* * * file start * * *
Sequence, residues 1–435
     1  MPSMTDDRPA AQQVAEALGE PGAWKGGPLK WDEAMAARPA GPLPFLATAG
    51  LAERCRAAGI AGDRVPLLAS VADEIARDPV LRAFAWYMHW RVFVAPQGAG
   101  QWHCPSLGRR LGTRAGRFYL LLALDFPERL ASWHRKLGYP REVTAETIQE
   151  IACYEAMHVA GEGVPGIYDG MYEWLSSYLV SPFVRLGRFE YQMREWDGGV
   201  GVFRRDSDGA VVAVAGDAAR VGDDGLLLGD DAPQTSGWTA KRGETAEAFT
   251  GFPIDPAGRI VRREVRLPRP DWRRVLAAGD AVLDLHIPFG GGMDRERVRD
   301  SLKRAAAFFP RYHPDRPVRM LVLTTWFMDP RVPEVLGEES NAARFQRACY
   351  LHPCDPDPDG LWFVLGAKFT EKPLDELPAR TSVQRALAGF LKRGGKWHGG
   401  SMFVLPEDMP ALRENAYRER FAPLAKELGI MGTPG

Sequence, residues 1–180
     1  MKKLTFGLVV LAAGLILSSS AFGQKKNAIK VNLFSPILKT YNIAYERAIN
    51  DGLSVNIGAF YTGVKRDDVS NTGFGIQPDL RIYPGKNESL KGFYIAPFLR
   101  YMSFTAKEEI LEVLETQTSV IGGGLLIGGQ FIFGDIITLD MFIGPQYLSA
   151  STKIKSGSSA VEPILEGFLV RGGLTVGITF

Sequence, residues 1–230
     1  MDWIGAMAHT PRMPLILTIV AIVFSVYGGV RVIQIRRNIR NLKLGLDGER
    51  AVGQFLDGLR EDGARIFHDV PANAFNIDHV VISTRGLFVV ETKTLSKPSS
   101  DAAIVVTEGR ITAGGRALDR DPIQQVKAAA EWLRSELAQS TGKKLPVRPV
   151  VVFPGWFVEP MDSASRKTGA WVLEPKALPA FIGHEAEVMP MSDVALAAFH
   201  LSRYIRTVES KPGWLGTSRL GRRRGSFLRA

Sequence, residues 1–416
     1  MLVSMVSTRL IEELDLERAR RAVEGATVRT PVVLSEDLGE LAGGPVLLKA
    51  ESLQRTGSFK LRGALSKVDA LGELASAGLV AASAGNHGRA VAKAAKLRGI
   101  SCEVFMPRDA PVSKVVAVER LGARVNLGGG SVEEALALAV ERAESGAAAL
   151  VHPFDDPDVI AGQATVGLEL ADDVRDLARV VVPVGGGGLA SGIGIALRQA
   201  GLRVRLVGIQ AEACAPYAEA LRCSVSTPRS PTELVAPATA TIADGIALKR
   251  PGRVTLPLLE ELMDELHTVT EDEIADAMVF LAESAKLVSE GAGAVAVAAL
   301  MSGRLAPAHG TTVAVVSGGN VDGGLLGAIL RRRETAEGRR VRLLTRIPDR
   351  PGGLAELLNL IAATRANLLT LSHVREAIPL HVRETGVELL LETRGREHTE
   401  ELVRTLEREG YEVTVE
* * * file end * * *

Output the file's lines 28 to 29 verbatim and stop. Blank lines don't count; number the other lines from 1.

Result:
   251  PGRVTLPLLE ELMDELHTVT EDEIADAMVF LAESAKLVSE GAGAVAVAAL
   301  MSGRLAPAHG TTVAVVSGGN VDGGLLGAIL RRRETAEGRR VRLLTRIPDR